Amid hopes that the new president of Wolfson College, Cambridge, will last longer than the preceding one - the BBC journalist John Tusa threw in the towel after eight months, saying he had better things to do - the college will today start sifting through the nominations for the post. The list includes, I am told, the name of Lady Archer, wife of the novelist.
Although the names are a closely guarded secret, there will be some surprise if Lady Archer's does not feature when Professor Michael Redhead, the college's vice-president, announces the candidates at 10am today. He told me: 'I cannot comment on whether Lady Archer is a candidate until then.'
After the Lloyd's hardship committee, Wolfson would be a tonic for Lady Archer, who is seen by many as an obvious choice for the job. She has connections with both town and gown, living only a three-hour punt down the Cam in Grantchester, while she spent 10 years of her academic career at Trinity College and Newnham. The college bursar, John Seagrave, thinks she would be as suitable as anyone. 'We have to have an academic, which she is. But we must also look at the person as a whole, since their academic field is too narrow a base on which to judge. I don't know Dr Archer, but she is clearly a distinguished person.'
CARRIED away by its 'Shame of Daily Mirror' campaign, the Sun yesterday reported an attack on its rival by Labour's health spokesman, David Blunkett, who accused the Mirror of undermining the NHS by 'luring' readers into a private health scheme. Last August, the Press Complaints Commission upheld a complaint that another newspaper had run a readers' offer for a personal healthcare plan that was 'unethical and immoral in that it appealed to the fears and distress of NHS patients . . .' Shame of the Sun.
Stretched limos WITH meetings often lasting until 3am, Eurocrats in Brussels are worried about the stamina and health of the Greek prime minister, Andreas Papandreou, who takes over the EU presidency in January. So worried are they that protocol is to be altered.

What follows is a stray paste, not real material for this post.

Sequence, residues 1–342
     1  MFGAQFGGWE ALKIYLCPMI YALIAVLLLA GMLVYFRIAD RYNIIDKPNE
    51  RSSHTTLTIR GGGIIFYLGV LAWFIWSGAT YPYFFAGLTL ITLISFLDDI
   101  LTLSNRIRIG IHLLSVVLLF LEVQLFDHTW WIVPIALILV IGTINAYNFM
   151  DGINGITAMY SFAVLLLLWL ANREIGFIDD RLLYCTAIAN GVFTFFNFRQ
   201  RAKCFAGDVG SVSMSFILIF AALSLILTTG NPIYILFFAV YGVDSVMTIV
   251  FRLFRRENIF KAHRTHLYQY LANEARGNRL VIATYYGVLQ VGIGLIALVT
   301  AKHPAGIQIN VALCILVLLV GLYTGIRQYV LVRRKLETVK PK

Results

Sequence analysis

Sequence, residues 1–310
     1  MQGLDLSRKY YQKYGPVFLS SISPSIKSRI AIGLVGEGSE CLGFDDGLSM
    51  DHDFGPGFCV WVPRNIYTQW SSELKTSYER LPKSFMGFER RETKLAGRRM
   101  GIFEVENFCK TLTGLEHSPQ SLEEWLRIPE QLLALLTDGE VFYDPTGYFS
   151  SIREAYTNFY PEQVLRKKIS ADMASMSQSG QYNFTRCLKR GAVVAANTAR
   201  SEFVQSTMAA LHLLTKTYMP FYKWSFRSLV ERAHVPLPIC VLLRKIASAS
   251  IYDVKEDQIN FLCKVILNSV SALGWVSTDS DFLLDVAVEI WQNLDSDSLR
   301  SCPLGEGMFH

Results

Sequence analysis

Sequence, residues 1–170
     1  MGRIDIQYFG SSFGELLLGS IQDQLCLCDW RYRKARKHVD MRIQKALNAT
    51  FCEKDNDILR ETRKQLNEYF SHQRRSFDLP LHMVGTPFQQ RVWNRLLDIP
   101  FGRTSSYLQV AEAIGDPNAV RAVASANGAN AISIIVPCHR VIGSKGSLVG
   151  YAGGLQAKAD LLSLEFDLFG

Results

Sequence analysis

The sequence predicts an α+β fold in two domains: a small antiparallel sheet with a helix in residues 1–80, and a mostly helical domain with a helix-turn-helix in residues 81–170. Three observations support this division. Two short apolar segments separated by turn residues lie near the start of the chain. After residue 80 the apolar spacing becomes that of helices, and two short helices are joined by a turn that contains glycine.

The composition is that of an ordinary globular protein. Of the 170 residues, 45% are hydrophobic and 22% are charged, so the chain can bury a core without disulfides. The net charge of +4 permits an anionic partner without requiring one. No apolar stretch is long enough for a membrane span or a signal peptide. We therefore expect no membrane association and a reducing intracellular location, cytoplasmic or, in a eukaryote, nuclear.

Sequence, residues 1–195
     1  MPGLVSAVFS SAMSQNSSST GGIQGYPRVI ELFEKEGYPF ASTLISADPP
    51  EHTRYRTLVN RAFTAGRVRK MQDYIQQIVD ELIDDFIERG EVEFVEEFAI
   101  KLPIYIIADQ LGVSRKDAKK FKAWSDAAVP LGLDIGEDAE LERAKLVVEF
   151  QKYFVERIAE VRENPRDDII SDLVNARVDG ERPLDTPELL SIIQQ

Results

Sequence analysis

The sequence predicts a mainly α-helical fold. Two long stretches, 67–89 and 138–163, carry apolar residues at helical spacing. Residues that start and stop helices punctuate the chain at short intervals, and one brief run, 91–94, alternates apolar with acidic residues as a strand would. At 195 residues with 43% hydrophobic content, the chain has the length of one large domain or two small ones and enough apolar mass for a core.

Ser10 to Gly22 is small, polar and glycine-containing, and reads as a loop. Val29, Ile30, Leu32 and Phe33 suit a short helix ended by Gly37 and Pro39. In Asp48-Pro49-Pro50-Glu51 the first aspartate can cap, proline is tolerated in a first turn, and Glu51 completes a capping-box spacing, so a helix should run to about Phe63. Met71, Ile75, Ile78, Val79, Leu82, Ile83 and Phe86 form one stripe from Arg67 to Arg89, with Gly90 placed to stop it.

The official cars once arrived and departed in this order: first, president; second, foreign minister. In Papandreou's case, it will be: first, president; second, president's wife, Dimitra (a former air hostess, now director of her husband's political office); third, Dimitris Kremastinos, Papandreou's private doctor, who has been appointed health minister; fourth, the foreign minister.
THREE days before his Guildhall speech in which he called for higher educational standards, John Major unveiled a plaque in Wandsworth (where they are proud of their schools) with his customary smile. However, it became strained when he read the inscription, which commemorated the unveiling: 'on the occassion (sic) of the centenary of Battersea Town Hall'.
Scoop oops AFTER last week's announcement in Australia of the Queen Mother's death - a Sky News videotape editor mistook footage rehearsing the event for the real thing and told his mother in Australia, who told a radio station - news editors have become increasingly vigilant. None more so than Mike Lawrence, executive editor at LBC, who fired off a memo to staff insisting on accuracy.
A few hours later, Lawrence found himself a 'scoop'. While driving past the clinic rumoured at the time to be treating Michael Jackson, he saw a glitzily dressed man with long hair stepping out of the clinic, thought 'It's Jackson]', and immediately interrupted Frank Bough's lunchtime programme with a live 60-second announcement that the singer had been found. Applause all round - until Carlton Television announced that the LBC man had fallen for a lookalike. Lawrence, it may interest you, is Australian.
A DAY LIKE THIS
17 November 1899 Mary Berenson writes to a friend: 'My agent went to Assisi taking his own packer and restorer. Secretly, inside the monastery, they were able to make a case for the picture, and glue down a little blister, and wait till midnight and then drive away in a cart with the picture out of the old Papal States (whose laws are very strict about exporting works of art) and get on the train at some Tuscan station. No one in Assisi was to know they had gone, except of course, the friars. It is a fear of plot . . . Quite as exciting as the life of a smuggler of old in the caves on the coast. (Later) The picture is hidden away in a back upstairs room in order to have the cracks mended. It is a perfect beauty, one of the very best painted in the 15th century and worth a great deal. It is to be taken out of Italy, but I must say first that I don't consider this wrong, because here pictures are apt to go to ruin from carelessness.'Reuse content